Tuesday, November 13, 2007

Dear Mr. Brimmeier...

Joe Brimmeier, CEO of the PA Turnpike Commission, recently took out full-page ads in many local newspapers to print a letter rehashing the PTC talking points regarding the tolling of I-80. I've spent too many newspaper columns addressing this issue already, but I couldn't resist doing a little special edition here in blogland to answer his letter. I'll feel better and I think both my readers will probably forgive me.

Joe's letter asserts "we at the PA Turnpike Commission welcome an open, public discussion based on the facts." It's a nice thought, though the continued insistence that Act 44 is law and Harrisburg intends to pursue implementation aggressively suggests that this will be discussion with no hope of affecting any portion of the outcome. Joe then goes on to provide some critical Act 44 facts.

*Not one dime of I-80 toll money will go to public transit anywhere in Pennsylvania.

Joe, you must realize that nobody believes this oft-repeated statement is anything more than hair-splitting. Tolling I-80 is part of a larger financial plan that includes propping up the flailing transit systems in the 'burgh and Philly. I-80 toll money may not, technically, pay for mass transit, but it will free up other dollars to do so.

*All toll revenue collected on I-80 will be reinvested in Pennsylvania's roads and bridges.

One would hope so.

*Act 44 will generate nearly 2.3 billion annually, on average, to fix and maintain the state's entire transportation network

That would take us back to our first point. If you want us not to catch on to how this works, you should probably keep these two talking points further away from each other.
Tolling I-80 will no more generate revenue than my extension cord generates electricity. What tolling will do is take revenue away from travelers and provide an indirect tax on goods and services to be collected by businesses and paid by customers. Investments generate revenue; tolls are simply taxes, methods to take money away from citizens and give it to government.

*The turnpike will invest 2 billion in I-80 improvements over the next decade, transforming it into our next superhighway...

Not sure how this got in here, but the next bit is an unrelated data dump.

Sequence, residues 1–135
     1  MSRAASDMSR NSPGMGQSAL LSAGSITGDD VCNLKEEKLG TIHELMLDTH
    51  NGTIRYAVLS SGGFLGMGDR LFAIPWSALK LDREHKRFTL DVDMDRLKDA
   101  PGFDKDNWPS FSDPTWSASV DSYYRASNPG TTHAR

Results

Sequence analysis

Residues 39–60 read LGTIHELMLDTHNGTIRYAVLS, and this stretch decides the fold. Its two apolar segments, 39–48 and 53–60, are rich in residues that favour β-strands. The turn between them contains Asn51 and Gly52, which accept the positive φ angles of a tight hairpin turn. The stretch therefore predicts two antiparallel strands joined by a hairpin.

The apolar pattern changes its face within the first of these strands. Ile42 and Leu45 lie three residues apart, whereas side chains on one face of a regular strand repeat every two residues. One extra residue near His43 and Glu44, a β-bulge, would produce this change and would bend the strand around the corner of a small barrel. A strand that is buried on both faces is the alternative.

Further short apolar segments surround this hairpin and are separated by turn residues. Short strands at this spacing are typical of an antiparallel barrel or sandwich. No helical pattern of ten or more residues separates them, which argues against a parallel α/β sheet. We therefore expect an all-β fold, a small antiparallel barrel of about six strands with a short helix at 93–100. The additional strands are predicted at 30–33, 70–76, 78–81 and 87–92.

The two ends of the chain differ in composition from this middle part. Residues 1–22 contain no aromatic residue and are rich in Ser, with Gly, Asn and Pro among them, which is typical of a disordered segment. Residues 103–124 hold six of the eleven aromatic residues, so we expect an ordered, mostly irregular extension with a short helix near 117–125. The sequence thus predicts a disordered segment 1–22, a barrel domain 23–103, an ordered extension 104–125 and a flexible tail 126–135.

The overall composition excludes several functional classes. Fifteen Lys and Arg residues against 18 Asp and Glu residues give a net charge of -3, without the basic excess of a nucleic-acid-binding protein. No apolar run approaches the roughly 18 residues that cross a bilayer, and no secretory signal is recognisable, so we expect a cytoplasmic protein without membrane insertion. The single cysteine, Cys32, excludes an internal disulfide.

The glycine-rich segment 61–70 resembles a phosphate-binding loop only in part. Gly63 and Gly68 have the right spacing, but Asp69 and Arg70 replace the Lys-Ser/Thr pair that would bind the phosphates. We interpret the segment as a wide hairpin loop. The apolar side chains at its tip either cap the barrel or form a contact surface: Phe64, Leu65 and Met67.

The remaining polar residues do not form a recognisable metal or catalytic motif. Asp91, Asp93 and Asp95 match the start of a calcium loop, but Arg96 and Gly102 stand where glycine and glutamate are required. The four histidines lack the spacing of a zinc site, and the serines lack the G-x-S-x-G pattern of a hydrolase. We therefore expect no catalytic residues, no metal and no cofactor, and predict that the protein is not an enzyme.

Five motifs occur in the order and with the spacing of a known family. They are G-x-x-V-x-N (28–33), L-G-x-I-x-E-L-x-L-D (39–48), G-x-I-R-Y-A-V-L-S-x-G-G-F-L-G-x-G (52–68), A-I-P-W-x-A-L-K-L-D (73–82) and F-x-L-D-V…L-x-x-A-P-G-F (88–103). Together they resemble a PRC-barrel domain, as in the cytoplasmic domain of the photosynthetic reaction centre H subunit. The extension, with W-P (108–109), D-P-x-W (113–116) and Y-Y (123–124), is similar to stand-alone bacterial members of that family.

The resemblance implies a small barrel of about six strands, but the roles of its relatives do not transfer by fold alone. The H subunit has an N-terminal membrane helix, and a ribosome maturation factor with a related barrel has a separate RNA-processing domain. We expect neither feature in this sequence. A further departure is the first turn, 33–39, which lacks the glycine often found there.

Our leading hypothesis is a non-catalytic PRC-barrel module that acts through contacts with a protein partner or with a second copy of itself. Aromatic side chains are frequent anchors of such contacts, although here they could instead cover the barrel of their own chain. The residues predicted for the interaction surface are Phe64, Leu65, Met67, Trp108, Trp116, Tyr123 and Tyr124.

Which begs the question-- what is it now? The assertion that an improved infrastructure is important to PA economic growth is a sensible one. PA's reputation as a northwestern pothole capitol did not enhance its standing.

But turning it into a state where east-west traffic much either pay a hefty chunk of change or ramble about on non-super roadways is not going to be a major coup, either. I don't think it helps to make the new commonwealth motto "Pay up or else." Nor do I think dragging I-80 down to the level of the turnpike will help (if I were extraordinarily cynical I would wonder if this weren't the PTC's way of putting the kibosh on its cross-state competition).

I can assure you that the public will be heard, and involved, throughout this process.

It's a nice assurance, but really-- can you name any details of this plan that you're not going to make a decision about until you've heard from the public. Is there any portion of the plan that you're looking at and thinking, "Hmm, we'd better wait and see how the public feels about that before we go ahead." Because the impression out here in the cheap seats is that such is not the case.

In fact, beyond the spectre of economic ruin, I think what many people find unattractive about this plan is the manner in which it was adopted-- quickly, quietly, without any public input, and basically as part of hostage demands for the release of the commonwealth budget.

That, in and of itself, creates an impression that nobody involved in this is at all concerned about what may happen to people for whom I-80 is a critical economic lifeline. Fancy and meetings and full-page ads are not nearly enough to change that impression.

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